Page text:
As presented in this study, the transition of subsistence strategies became more apparent in the Late Ha Long culture around 4000 years BP. The average starch grains recovered on stone tools from Bai Ben and Bai Cat Don experienced a sharp decrease compared with the preceding phases in the Cai Beo site (Figure 9). The number of grinding stone tools from this period gradually declined, representing another cultural indicator of a possible subsistence transition. Although the diversity of utilized plant species became less (Wang et al., 2022), the persistent group (the late Ha Long group) on Cat Ba Island continued to exploit the same plant resources, particularly involving extensive consumption of aroids and yams. The diverse ecosystems and landscapes on Cat Ba Island support high species biodiversity (Van et al., 2010), providing the advantage of rich territorial animal and plant resources from inland areas, while continuing to accommodate the ancient Ha Long people living on their traditional lifestyles of mixed hunting, fishing, and gathering economies (Nguyen, 2019; Nguyen, 2020).

In a broader context in prehistoric southern China and Southeast Asia, hunting and gathering often continued as essential subsistence activities even after the arrival of animal and plant domesticates (Castillo et al., 2018; Li, 2020; Deng et al., 2022a), and the expansion of early farmers did not lead to the total extinction of the long-established hunter-gatherers in Southeast Asia (Higham et al., 2011). For example, even after several hundred years of the introduction of agriculture in the Mekong Delta region, hunting and foraging remained dominant at Rach Nui (Castillo et al., 2018), and this pattern contrasted in cultural materials with contemporary highly developed agriculture communities.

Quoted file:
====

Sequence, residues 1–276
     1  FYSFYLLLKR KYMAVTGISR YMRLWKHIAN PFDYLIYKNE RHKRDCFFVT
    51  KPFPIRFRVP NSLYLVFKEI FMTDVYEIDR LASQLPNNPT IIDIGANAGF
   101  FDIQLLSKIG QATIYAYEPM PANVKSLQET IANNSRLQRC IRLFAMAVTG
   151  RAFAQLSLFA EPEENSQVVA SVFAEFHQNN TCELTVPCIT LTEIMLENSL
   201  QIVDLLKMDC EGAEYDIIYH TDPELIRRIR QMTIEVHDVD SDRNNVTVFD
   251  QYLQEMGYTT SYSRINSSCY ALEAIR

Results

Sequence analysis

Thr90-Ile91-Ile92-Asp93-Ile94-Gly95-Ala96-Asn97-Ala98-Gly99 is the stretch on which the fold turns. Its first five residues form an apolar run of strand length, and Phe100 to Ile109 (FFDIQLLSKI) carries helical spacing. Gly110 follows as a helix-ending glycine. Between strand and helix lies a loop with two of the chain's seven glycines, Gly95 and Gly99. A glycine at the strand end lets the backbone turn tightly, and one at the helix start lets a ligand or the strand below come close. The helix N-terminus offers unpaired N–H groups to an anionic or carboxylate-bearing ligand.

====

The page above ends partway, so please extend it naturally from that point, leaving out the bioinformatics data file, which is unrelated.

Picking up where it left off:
Given that the majority of Ha Long cultural inhabitants were descendants of indigenous hunter-gatherers and exhibited distinct cultural contexts with other farming groups in northern Vietnam, the foxtail millets discovered in Bai Ben and Bai Cat Don were perhaps acquired through exchanges or trades. As mentioned, from an archaeological perspective, the Ha Long group appears to have sustained contacts and exchanges with other groups, such as Phung Nguyen, Ha Giang, Mai Pha (Lang Son), Hoa Loc, and offshore islands along the South China Sea coast (Ha, 2005; Nguyen, 2005b; Nguyen, 2019). However, another possibility is that the people of Bai Ben and Bai Cat Don practiced a specific scale of millet farming on their own, as a stone knife-like fragment, typically used for crop harvesting, has been found at Ba Vung (Chen, 2007), one of the Ha Long cultural sites. This possibility can be explored through further research.

At Trang Kenh, which represented a typical Neolithic farming site with extensively worked jade remains, the discovered plant resources showed that people relied on cereal-based farming (Figure 9). This subsistence pattern coincided with a cultural background of agricultural communities that depended heavily on cultivated crops, which contrasts with hunter-gatherers that explored a broad range of wild plant resources. The limited discovered amount of rice and foxtail millet from Trang Kenh may have been due to stone artifacts from this site mainly related to nephrite ornaments manufacturing. The stone tools associated with daily life were far fewer. More findings undoubtedly will be recovered in the residential areas in future work.

Conclusion